French criminal law recognizes “murder by a partner” but does not distinguish between male and female victims. The term “femicide” is therefore not officially used.

And while seeing the value of the statistics, Nous Toutes claims that, according to Breuil, those numbers are “only the visible part of abuse within couples”. “You are just the tip of the iceberg,” she said, emphasizing that before any murder there is usually a whole series of abuses that the public is unaware of.

The real cost of femicide matters

In the meantime, on New Years Day in Spain, a new system was brought in that the government says it will make the first country in Europe to officially count all femicides – including cases where children are killed by men to harm women.
The number of women killed by gender-based violence in Spain in 2021 reached 43 on December 27 according to the government delegation for gender-based violence. Since 2003, 1,125 women have been killed in gender-based violence in the country.

Spain previously recorded as gender-based violence all killings of women where there is evidence that they were or were related to the perpetrator.

But from the beginning of this year, the official statistics on gender-based violence will be expanded to include the murder of women and children in which gender is said to have played a role.

According to the WHO, one in three women worldwide experiences violence in their lifetime

The five categories range from murders of women in connection with sexual violence, including human trafficking and prostitution, to murders by men in women’s families, such as so-called honor killings. This includes “vicarious femicide”, defined as “the murder of a woman or minor child by a man as an instrument to harm another woman”.

Spain has been rocked by recent incidents of violence against women and their children.

In late December, a three-year-old girl was killed in an alleged case of gender-based violence in Madrid. said the government – one of seven children who lost their lives this way last year.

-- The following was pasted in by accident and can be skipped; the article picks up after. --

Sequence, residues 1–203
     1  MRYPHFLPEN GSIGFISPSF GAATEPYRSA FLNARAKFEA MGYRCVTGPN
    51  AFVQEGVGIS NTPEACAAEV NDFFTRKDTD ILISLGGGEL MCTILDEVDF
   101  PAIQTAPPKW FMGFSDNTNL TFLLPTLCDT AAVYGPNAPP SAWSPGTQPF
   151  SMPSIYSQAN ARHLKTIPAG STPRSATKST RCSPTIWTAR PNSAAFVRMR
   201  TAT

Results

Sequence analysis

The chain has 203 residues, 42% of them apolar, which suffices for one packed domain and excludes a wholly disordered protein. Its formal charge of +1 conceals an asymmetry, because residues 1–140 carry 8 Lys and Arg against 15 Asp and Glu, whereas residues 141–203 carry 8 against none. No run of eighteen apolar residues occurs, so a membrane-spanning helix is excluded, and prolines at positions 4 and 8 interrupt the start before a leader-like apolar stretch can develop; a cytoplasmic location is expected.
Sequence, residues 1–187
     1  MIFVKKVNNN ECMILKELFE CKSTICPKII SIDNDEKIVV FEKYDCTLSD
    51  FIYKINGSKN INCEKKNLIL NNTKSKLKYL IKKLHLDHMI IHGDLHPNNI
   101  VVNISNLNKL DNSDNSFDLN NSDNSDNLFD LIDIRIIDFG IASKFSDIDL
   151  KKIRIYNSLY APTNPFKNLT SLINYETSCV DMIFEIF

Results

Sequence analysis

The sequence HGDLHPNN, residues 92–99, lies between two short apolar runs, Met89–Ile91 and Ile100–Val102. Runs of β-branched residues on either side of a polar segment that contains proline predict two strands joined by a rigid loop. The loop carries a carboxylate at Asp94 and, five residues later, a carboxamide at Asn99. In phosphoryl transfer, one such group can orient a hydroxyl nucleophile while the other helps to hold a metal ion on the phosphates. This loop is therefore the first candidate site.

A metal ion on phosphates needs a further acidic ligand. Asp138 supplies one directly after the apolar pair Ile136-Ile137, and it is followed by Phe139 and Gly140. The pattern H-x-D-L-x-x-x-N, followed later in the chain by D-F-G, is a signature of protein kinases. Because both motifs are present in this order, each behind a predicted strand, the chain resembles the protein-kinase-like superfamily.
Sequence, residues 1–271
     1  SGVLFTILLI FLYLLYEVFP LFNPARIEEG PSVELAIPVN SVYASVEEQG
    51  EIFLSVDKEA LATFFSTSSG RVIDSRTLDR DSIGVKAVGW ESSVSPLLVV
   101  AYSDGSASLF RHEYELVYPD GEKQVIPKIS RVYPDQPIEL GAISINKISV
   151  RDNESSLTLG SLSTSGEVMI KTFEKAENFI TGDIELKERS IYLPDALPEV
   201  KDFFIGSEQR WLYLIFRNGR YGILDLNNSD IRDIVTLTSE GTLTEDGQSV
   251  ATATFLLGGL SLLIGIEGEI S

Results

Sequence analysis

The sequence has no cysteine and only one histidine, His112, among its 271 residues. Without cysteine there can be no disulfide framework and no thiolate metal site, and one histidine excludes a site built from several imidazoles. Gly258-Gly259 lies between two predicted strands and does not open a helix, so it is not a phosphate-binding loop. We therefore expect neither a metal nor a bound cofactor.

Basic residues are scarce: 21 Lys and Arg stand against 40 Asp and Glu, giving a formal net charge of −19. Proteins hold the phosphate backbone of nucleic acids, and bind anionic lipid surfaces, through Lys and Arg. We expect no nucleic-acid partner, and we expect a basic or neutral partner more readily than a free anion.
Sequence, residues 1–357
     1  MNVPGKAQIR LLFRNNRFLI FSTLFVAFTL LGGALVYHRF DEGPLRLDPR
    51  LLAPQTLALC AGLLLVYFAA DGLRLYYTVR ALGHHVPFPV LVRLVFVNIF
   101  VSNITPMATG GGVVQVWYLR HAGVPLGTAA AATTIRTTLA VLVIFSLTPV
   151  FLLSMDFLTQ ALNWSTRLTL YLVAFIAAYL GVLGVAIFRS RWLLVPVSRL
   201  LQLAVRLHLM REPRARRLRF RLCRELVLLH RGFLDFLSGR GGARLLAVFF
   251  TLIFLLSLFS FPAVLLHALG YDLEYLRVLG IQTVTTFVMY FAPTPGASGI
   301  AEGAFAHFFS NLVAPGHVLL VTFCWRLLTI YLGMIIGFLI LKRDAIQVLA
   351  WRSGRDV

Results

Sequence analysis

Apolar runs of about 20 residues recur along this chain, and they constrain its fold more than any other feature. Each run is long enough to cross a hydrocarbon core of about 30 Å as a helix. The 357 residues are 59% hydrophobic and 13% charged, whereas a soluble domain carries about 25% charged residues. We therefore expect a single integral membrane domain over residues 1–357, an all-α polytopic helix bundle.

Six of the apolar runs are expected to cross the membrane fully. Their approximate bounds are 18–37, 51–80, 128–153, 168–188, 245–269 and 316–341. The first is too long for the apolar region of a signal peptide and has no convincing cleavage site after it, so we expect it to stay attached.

Angry demonstrations took place in cities across the country in June after a man was accused of killing his two daughters Olivia, 6, and Anna, 1, and dumping their bodies into the sea off the Spanish island of Tenerife. Reuters reported.

“The defendant’s plan was to cause his ex-partner as much pain as possible by deliberately creating uncertainty about the fate of Olivia and Anna,” a court document from the news agency said.

A woman takes part in

Gender Equality Minister Irene Montero said the new system would mean that all “sexist murders of women for being women” would be counted. “Naming feminicides is the easiest way of redress for all victims of sexist violence to bring justice,” she said in a government press release.

In this way, says Montero, “we are making progress in making all forms of sexist violence visible, in order to carry out the public measures necessary to eradicate it. What you do not name does not exist.”

French activists support this move and urge the introduction of a similar framework in their country. Nous Toutes wants femicides on young girls and women outside of couples to be counted, “so that we can show the extent of abuse against women in France,” said Breuil.

French society is “ready for change” because it “understands that these abuses are not inevitable” and can be avoided, Breuil concluded.

Contributors to this report are Duarte Mendonca, Anaëlle Jonah, Chris Liakos and Camille Knight of CNN.